President Trump: Make the investments in worker training you called for last night

January 31, 2018

A statement from Andy Van Kleunen, CEO, National Skills Coalition

“We appreciate that, during the State of the Union, President Trump called out the need for a greater national investment in workforce development, job training, and vocational schools. But talk is cheap; ensuring we have the most skilled workforce in the world is not. Unfortunately, to date the President’s agencies have either called for deep cuts to workforce programs, or they have refused to spend the training resources Congress has already given to them. Perhaps last night’s speech signals a shift. We hope so. The nation’s workers and businesses will be watching to see if the President follows through.”

Sometimes, it’s hard to reconcile the President Trump’s words with his Administration’s deeds.

  • The President’s last budget proposal called for deep cuts to job training, career and technical education and apprenticeship programs essential to addressing the skills gap that’s already holding businesses back and keeping workers from prospering. Congress rejected these cuts on a bi-partisan basis when it approved funding through September 2017.
  • Last June, when the President first introduced his plan for a comprehensive infrastructure proposal, he promised to train a million new apprentices to ensure we had a sufficient pipeline of skilled workers to rebuild our country. Yet the most recent version of his infrastructure plan doesn’t mention apprentices at all, and in fact is silent on what number of jobs will be created or how we would prepare people for those positions.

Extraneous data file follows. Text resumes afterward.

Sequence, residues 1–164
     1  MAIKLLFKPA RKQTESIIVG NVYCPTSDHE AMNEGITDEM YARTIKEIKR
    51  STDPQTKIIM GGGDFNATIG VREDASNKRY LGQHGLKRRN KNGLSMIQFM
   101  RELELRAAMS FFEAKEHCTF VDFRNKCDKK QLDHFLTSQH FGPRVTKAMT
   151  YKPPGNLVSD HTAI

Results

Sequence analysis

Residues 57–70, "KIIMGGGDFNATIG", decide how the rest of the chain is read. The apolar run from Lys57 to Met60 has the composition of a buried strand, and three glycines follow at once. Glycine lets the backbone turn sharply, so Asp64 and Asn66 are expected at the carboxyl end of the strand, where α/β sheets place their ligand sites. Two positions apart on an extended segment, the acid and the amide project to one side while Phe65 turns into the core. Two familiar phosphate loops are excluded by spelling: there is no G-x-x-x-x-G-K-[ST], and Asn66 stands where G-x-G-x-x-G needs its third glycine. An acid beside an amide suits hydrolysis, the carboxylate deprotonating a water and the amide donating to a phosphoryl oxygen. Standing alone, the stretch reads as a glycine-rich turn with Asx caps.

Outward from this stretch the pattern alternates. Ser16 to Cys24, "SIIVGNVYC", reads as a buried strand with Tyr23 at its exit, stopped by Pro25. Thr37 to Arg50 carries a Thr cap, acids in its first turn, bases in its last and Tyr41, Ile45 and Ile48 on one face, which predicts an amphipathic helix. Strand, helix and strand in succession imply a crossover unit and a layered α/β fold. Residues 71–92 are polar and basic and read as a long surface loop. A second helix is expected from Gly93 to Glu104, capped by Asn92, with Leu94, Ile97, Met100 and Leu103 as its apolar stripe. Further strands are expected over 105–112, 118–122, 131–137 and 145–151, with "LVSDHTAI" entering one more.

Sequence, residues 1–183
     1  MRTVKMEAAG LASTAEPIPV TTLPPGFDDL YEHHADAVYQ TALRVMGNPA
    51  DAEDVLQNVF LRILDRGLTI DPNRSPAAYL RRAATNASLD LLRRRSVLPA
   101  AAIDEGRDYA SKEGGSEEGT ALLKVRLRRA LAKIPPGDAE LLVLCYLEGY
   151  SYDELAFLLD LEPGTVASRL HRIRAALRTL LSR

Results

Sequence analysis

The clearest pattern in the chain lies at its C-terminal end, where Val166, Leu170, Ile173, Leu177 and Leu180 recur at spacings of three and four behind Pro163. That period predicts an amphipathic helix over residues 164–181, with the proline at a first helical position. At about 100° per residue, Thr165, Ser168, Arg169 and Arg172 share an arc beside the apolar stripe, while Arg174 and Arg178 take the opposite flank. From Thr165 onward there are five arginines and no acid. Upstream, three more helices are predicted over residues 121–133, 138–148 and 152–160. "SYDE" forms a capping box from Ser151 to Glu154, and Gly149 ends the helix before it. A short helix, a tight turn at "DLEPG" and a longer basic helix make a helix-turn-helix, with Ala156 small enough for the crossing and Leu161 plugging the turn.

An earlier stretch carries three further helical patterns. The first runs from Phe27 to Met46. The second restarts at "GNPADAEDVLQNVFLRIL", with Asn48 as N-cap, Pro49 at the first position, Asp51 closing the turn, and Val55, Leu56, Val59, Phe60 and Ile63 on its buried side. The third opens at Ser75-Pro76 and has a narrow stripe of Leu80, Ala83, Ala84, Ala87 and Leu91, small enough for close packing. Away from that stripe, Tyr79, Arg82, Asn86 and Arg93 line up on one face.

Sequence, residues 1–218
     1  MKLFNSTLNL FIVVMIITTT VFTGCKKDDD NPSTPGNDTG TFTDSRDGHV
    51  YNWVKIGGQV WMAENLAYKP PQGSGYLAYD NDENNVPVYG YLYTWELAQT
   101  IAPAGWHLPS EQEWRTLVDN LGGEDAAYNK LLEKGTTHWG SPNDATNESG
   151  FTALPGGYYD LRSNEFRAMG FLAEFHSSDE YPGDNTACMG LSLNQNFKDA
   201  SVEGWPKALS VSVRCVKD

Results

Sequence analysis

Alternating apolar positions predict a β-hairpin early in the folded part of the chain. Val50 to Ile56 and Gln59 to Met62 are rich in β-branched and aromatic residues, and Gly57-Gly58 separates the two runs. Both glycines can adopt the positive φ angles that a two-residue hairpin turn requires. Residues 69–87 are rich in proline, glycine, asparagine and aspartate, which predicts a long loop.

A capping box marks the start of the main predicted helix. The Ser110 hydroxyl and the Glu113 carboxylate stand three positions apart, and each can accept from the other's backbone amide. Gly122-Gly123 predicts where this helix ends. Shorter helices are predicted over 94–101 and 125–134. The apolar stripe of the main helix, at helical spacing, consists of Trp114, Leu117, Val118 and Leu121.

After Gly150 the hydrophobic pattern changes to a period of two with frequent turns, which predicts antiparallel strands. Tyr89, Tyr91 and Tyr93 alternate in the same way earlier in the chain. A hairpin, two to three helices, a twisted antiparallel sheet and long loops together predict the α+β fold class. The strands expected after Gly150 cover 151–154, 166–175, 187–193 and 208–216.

There is a robust menu of bipartisan workforce ideas that enjoy widespread support from Republicans and Democrats in both houses of Congress. For instance, we could end the end the unfair bias against working people in the Pell grant system by extending Pell grants to career-oriented people who want to enroll in proven, short-term training programs – people just like Corey Adams, the Ohio welder President Trump honored last night.

National Skills Coalition is ready to work with the administration on policies that would arm the American people and American businesses with the skills they need to compete in today’s economy.


National Skills Coalition is a broad-based coalition of employers, unions, education and training providers, and public officials working toward a vision of an America that grows its economy by investing in its people so that every worker and every industry has the skills to compete and prosper.